Once upon a time I had these 3 cool friends: Todd, Trevor, Jordan. They were all film students who had gone on their missions to Cambodia. We met in film classes and always had a jolly time. One day they decided that they wanted to go back to Cambodia to make a documentary as part of a school project. I invited myself to come along. They didn't believe that I was serious about going until I purchased a plane ticket. Then they understood that when Asia invites herself to things, she MEANS it.
Side note! I am SO lucky that the Liam Neeson movie Taken hadn't come out yet. My mom flipped when she saw that: "Why did I ever let you go to Cambodia!?!"
One sunny May (or June...?) day, we went to the Salt Lake airport and began the crazy travel to Cambodia. We were to fly to LA, then to Taiwan, then to Saigon/Ho Chi Menh City, then to Phnom Penh. We checked our bags, then began the process of going through security. While in the security line, Todd realized that he had forgotten to check his knife (a knife that he always carried in his pocket to use for random reasons at random times). Our bags were already checked. We were in the security line. This was just a big problem because he really liked that knife and it was a gift or something.
So, being a kind and gentle friend (who also had a small crush on Todd), I offered to carry the knife in my back pack. Why did I think this would work? What? Looking back I feel like the idiot girl who did the idiot thing and could have gone to jail or something. But I was 19, excited to go to Cambodia with my friends and felt like being a knife smuggler could be a fun adventure. I'm a sucker for adventure... So at the time, it really didn't seem like a big deal.
So we put the knife in my back pack and I put my back pack on the security belt so it could be scanned by the TSA people. I walk through the security-doorway-thing and made it to the other side. Surprise! My bag was flagged, pulled off of the conveyor belt and searched. They must have seen the rather large knife I was attempting to smuggle out of Utah.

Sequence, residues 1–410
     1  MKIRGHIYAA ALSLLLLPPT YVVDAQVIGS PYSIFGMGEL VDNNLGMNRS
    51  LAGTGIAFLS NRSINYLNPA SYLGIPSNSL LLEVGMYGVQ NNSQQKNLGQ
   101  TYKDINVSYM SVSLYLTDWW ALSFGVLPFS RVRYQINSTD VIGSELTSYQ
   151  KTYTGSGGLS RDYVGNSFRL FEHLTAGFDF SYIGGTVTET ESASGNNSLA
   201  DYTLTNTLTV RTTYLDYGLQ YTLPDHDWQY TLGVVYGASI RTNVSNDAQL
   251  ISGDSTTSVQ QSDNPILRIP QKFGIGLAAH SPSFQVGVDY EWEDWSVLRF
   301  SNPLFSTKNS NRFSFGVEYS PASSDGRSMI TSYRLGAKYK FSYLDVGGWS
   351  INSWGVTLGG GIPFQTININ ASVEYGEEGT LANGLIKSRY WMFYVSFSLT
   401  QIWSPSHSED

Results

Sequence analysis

Here's the disturbing part -- they searched and searched, but found no knife. They zipped up my bag and gave it back to me. I was off, scot-free. And I still had a knife in my back pack. I had smuggled a knife through security at the SLC airport... and it wasn't very hard.
Once we were at our gate, I told Todd about the security incident and we were both relieved that his knife was not confiscated, but at the same time, we were very worried about our safety because apparently it is pretty easy to sneak scary things through security. The likelihood that we were surrounded by guys with bazookas in their back pockets had increased.
Then we make it to LAX, the largest and scariest airport ever. We had to go through security again because now we were flying internationally and we had to leave some kind of terminal to go to another one la la la the point is I still had a knife in my back pack.
We waited in line patiently, people from every corner of the globe waiting with us. Finally, it was our turn to go through LA's security. I took my cell phone out of my pocket and put my back pack on the conveyor belt. I walked through and when I went to collect my back pack, the TSA people looked worried. They pointed at their screen (most likely it was at the HUGE KNIFE IN MY BACK PACK). But -- get this -- when they went to search my bag, they pulled the wrong back pack off of the belt. The person behind me also had a back pack, I guess, and he was the one who got searched. Seriously. I grabbed my bag and headed for my gate.
I had successfully smuggled a knife through two airport security portals. Disturbing? Yes.
Then we were on a plane for 67,4223412145 hours and finally made it to Taiwan. In Taiwan, we went through security for a third time. We were tired and gross-looking and Taiwan was weird and different and kinda dark and had too much flourescent lighting. But nonetheless, we lined to be to security-fied.
I stepped forward. I put my back pack on the conveyor belt. I walked through the metal detection thingy. On the other side, I was greeted by a tall Taiwanese man who looked down at me and said, bluntly, "You have a knife in your bag." I looked up, groggily and responded with a simple, "Yep." Then he said, "We're going to have to check your back pack and put it under the plane with the rest of your luggage."
That was it?
I could have done that in Salt Lake... All I had to do was check my bag.
So, I didn't go to jail in a foreign, poorly lit country; I didn't even get a slap on the wrist. And when we were headed back to American from Cambodia, Todd checked his frickin' knife.
And that, my friends, is how I became a knife smuggler. Moral of the story?? Ummm.... I don't want to say "airport security in America can be kinda sucky", but really....